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I have the following scenario which I need to implement following the CQRS pattern:

  1. a user logs in
  2. the user enters some insurance details
  3. the user ask for a decision to be applied
  4. the user views the result of the decision

this seems fairly straightforward, however my problem is between step 3 and 4, on step 3 I send a ApplyForDecision command which will get a decision from a underwriting service, an event with the result of that decision is then sent to the BUS for the read store to later consume it and update the view tables with the decision result.

The problem is on the UI, how do I let the user know that the decision is being applied, since in CQRS the read model is not updated 'straightaway' how do I make the UI show that a decision is in progress and will 'soon' arrive?

I also need to give the user the ability to log out and log back in, since the decision may not have been applied yet, how do I make the UI show the 'pending decision screen'?

Thanks

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Is the UI the web client or a smart client? –  stung Aug 18 '10 at 21:29
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Is state changed in any way? I mean, is this decision application some form of computation that needs to be confirmed? If so, is this visible to the "others" in the system? How is this scenario highly collaborative? –  Yves Reynhout Dec 10 '10 at 20:17

2 Answers 2

The answer is to immediately raise an event indicating the decision has been applied for, update the read DB and redirect straight away to your pending decision screen whether or not the read DB has been updated by that time. Static text 'Pending decision you will be contacted' or something along those lines. They can refresh or come back later and more than likely will get the real data. Then when the decision has been decided, you have a DecisionMade event and update the read DB, send emails out, whatever the case, accordingly.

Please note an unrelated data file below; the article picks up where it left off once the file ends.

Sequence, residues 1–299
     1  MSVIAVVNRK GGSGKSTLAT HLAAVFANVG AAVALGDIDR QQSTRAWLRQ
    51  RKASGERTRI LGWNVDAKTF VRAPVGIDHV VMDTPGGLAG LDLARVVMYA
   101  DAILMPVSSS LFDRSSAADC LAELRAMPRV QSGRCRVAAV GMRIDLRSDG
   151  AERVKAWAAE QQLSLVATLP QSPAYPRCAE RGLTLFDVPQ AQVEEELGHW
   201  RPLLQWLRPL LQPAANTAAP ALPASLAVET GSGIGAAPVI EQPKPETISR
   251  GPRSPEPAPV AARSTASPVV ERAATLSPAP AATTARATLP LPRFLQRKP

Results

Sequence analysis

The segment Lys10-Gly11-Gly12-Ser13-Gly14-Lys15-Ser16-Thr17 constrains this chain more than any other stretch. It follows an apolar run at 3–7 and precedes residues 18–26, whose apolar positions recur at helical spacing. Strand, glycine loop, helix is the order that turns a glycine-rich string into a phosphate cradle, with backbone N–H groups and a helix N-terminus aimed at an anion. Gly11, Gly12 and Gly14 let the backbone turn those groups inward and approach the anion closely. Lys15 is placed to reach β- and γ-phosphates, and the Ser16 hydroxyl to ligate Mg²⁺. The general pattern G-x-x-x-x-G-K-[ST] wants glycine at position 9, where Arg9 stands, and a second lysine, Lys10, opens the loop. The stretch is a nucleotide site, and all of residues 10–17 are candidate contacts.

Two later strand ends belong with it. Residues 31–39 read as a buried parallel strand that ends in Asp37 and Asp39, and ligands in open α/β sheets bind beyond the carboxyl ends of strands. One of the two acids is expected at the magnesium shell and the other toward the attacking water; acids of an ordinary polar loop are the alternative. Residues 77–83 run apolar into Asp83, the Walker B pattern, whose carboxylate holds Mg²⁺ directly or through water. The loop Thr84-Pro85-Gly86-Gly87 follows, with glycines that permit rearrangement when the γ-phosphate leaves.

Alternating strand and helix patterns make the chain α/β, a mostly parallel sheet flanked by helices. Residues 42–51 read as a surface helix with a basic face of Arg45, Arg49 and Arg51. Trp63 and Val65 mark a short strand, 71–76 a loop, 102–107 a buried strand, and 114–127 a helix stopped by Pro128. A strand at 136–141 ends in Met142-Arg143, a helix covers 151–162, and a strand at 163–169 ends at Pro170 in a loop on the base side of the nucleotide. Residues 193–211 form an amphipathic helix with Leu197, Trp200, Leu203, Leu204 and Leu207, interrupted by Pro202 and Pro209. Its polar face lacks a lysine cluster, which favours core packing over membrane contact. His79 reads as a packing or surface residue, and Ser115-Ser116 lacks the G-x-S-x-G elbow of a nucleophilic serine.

That's the trade off with eventual consistency you have to deal with in CQRS. Often when I've made changes to domain object properties on a form, I fake it in the immediate feedback the user gets while the back end does its chores. Yes, a little ugly but the users don't know that.

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Good answer, especially about the user not knowing. That's the key, make sure the user doesn't notice. For example you might store inside the browser or server cache that the item was updated. When you access the readmodel for data and in your cache you notice that the data hasn't been updated yet, you do so yourself, but only for this user. SignalR is also great for updating other clients as fast as possible. –  Dennis van der Stelt Aug 4 '13 at 7:30

IMHO the solution would be to let your command emit an "ApplyForDecisionRequested" and an "ApplyForDecisionHandled" event, and update your read model accordingly.

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